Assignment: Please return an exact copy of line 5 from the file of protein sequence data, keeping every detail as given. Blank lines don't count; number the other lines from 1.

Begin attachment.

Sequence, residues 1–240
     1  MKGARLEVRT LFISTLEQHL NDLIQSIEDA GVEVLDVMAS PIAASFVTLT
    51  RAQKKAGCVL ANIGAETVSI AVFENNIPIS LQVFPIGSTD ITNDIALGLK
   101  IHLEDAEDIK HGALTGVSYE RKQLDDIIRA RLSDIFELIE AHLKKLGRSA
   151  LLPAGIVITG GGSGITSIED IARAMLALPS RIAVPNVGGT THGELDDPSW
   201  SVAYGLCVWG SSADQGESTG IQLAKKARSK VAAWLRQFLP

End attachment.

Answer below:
   151  LLPAGIVITG GGSGITSIED IARAMLALPS RIAVPNVGGT THGELDDPSW